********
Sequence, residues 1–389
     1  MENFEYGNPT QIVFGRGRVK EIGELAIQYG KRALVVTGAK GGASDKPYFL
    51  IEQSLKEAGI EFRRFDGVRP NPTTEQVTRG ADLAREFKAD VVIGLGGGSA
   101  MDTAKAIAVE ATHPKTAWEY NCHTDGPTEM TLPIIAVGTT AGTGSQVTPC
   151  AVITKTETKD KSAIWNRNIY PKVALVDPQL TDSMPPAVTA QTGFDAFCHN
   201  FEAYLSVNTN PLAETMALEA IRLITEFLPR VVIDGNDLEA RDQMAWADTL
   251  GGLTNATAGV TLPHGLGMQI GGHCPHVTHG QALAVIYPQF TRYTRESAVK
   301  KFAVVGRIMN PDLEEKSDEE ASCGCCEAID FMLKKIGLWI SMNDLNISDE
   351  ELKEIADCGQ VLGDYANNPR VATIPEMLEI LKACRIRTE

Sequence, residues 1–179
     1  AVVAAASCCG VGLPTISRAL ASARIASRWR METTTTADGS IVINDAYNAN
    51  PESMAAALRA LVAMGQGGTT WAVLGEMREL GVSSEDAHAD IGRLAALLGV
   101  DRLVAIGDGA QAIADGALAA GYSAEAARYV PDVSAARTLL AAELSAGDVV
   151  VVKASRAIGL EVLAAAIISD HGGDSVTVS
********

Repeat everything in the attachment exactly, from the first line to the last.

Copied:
Sequence, residues 1–389
     1  MENFEYGNPT QIVFGRGRVK EIGELAIQYG KRALVVTGAK GGASDKPYFL
    51  IEQSLKEAGI EFRRFDGVRP NPTTEQVTRG ADLAREFKAD VVIGLGGGSA
   101  MDTAKAIAVE ATHPKTAWEY NCHTDGPTEM TLPIIAVGTT AGTGSQVTPC
   151  AVITKTETKD KSAIWNRNIY PKVALVDPQL TDSMPPAVTA QTGFDAFCHN
   201  FEAYLSVNTN PLAETMALEA IRLITEFLPR VVIDGNDLEA RDQMAWADTL
   251  GGLTNATAGV TLPHGLGMQI GGHCPHVTHG QALAVIYPQF TRYTRESAVK
   301  KFAVVGRIMN PDLEEKSDEE ASCGCCEAID FMLKKIGLWI SMNDLNISDE
   351  ELKEIADCGQ VLGDYANNPR VATIPEMLEI LKACRIRTE

Sequence, residues 1–179
     1  AVVAAASCCG VGLPTISRAL ASARIASRWR METTTTADGS IVINDAYNAN
    51  PESMAAALRA LVAMGQGGTT WAVLGEMREL GVSSEDAHAD IGRLAALLGV
   101  DRLVAIGDGA QAIADGALAA GYSAEAARYV PDVSAARTLL AAELSAGDVV
   151  VVKASRAIGL EVLAAAIISD HGGDSVTVS